Details on return envelopes (padding)

Eric Messick eric at
Fri Jan 15 01:40:12 PST 1993

Hal writes:
> I did spot one possible problem.  Remailer &V sends to &W an address
> field that looks like:
> Addr: w(B), w(Sw, Qw, C, &X, x(C), x(...), pad)
> but I don't think &V has enough information to create the 2nd item here.
> The reason for the A, B, etc. keys is, I think, to allow new padding to
> be done as the message gets passed between each pair of remailers.
> I think that may need to be used here as well.  &V can't put padding into
> the w(Sw,...) block.

It may not be at all obvious or intuitive, but &V *CAN* put padding
into the w(...) block.  I'm no longer trying to do this (see my
previous posting), but it could still be useful in some situations, so
I'll try to explain it more clearly.

PGP uses binary structures for all of this, but I'm going to pretend
that it's all ascii, just so we can see what's going on easier.  That
block w(...) looks something like this:

CTB: RSA			<-- that's *C*ypher *T*ype *B*yte
Length: 12345 bytes
Key_ID: w
IDEA_key: RSA(w, random_key)
Length: 12315
	<random initialization bytes and cypher check>
	CTB: Plain Text
	Length: 12300
	Here we have 12300 characters.  Note that all of the lines
	that are indented are encrypted with random_key using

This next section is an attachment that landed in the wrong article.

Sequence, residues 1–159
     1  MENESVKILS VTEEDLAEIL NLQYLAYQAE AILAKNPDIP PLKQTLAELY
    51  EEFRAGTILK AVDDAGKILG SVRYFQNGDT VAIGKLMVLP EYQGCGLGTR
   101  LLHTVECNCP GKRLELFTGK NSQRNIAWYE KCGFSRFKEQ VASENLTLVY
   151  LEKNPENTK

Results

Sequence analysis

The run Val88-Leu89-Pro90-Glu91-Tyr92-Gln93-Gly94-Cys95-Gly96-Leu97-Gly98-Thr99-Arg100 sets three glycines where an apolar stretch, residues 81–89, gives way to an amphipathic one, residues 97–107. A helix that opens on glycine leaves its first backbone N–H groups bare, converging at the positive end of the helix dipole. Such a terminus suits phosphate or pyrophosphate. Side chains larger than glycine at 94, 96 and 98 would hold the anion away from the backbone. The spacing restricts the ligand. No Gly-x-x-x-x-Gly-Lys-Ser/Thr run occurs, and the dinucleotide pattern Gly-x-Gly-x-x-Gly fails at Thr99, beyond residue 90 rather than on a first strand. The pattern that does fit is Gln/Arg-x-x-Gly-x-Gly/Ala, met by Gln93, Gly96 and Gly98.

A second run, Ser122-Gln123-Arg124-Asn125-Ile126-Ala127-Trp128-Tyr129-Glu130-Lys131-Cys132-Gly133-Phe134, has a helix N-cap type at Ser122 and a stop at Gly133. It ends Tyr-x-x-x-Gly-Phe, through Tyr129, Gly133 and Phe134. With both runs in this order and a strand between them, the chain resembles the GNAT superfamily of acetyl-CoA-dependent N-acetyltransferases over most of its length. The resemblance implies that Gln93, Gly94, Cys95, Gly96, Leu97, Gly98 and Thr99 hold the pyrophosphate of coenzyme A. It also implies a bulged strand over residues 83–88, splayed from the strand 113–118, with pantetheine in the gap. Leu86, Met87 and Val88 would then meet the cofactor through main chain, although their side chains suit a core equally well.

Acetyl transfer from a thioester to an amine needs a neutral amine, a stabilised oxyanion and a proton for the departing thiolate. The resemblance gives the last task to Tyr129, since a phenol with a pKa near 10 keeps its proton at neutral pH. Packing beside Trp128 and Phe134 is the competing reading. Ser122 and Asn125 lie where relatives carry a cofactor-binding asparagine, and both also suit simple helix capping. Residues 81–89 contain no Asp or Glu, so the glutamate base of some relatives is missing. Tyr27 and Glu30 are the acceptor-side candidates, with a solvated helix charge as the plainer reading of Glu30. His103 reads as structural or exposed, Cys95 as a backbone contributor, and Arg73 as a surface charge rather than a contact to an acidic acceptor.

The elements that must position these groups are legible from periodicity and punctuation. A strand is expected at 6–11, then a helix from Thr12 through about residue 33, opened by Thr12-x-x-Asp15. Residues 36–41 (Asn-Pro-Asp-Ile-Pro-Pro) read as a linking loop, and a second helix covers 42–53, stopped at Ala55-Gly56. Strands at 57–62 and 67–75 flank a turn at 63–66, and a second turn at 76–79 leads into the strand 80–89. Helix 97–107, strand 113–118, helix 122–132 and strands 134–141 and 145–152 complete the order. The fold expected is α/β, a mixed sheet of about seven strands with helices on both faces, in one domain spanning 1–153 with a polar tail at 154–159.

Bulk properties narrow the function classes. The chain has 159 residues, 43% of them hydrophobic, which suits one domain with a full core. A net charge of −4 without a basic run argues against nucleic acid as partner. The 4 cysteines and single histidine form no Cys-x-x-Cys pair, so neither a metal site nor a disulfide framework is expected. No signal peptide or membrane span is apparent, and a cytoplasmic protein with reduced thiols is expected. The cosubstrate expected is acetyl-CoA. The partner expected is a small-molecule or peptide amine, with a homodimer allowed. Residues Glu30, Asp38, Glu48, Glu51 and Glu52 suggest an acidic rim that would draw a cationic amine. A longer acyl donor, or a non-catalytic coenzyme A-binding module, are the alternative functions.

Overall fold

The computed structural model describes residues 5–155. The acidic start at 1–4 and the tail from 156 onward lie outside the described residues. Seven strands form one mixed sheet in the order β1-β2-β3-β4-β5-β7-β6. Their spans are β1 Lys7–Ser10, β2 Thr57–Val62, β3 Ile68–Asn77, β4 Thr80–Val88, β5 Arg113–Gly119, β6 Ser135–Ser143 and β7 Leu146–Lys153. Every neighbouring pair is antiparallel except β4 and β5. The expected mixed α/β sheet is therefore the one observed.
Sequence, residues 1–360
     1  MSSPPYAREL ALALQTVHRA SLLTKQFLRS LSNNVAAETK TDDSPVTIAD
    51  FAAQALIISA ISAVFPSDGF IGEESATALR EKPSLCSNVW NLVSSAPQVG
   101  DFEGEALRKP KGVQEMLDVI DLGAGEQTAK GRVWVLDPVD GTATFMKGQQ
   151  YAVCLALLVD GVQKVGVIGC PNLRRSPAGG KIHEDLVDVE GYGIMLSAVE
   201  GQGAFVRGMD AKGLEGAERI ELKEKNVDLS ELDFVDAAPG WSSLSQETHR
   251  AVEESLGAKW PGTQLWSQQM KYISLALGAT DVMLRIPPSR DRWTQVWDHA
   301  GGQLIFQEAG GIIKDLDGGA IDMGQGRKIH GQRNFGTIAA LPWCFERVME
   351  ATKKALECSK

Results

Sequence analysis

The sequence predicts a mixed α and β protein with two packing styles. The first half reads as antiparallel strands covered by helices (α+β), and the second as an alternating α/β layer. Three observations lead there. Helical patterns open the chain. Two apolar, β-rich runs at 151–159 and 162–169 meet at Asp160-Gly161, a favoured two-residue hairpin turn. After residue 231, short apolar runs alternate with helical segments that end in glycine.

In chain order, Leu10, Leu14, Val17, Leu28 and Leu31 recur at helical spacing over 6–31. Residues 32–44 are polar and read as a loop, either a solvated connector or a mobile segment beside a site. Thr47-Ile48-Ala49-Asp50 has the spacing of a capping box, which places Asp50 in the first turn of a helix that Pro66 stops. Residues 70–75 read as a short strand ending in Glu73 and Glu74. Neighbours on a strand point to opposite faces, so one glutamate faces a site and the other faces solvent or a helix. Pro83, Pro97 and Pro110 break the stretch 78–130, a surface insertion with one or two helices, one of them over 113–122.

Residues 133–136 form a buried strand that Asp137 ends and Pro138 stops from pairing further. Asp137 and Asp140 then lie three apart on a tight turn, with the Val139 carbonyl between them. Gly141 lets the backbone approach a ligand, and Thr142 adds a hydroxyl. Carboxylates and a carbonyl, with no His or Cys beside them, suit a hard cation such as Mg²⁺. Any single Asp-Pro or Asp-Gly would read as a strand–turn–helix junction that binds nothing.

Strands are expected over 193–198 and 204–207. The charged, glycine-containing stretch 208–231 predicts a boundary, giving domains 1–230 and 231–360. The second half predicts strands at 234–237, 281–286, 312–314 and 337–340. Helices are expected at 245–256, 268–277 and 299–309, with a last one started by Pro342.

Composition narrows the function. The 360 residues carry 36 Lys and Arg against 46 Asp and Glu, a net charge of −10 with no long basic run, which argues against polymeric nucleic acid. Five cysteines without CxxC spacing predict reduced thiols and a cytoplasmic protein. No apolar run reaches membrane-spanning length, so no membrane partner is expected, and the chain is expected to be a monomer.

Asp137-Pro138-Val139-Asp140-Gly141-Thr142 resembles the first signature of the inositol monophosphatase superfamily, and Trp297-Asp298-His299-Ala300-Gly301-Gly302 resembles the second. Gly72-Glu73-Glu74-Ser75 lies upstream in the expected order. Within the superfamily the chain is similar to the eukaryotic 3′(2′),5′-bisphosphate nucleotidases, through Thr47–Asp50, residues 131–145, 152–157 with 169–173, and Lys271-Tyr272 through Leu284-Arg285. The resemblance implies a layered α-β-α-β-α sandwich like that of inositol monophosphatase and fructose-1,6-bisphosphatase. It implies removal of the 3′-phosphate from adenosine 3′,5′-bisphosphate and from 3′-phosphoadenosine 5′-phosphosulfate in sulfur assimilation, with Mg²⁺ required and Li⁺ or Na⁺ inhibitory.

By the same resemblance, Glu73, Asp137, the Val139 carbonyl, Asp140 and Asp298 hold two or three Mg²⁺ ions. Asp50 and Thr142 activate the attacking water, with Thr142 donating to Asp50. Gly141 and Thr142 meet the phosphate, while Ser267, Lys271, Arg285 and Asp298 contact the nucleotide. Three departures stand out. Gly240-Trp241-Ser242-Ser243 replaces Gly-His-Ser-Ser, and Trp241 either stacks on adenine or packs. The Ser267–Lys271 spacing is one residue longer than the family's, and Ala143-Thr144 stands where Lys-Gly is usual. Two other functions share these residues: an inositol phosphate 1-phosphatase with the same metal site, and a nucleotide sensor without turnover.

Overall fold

the IDEA cypher.
	...End of the encrypted text.

To add padding to this, simply append some cryptographically strong
random bytes to the end, and adjust the unencrypted lengths by that
much.  No one can tell that your new bogus lengths don't match the
length on the plaintext packet without actually being able to see the
plaintext packet length field.  The decryptor believes the plaintext
packet length, and automatically throws away the bogus bytes that were

While writing this, I realized that when I tested this, I may have
only changed the outermost length.  It is possible (but I think it is
highly unlikely) that PGP would get sick if you changed the second
length value.  Since I no longer need to do this, I don't have any
incentive to check this out again.  It's not that difficult, but I
hate editing binary files...

-eric messick

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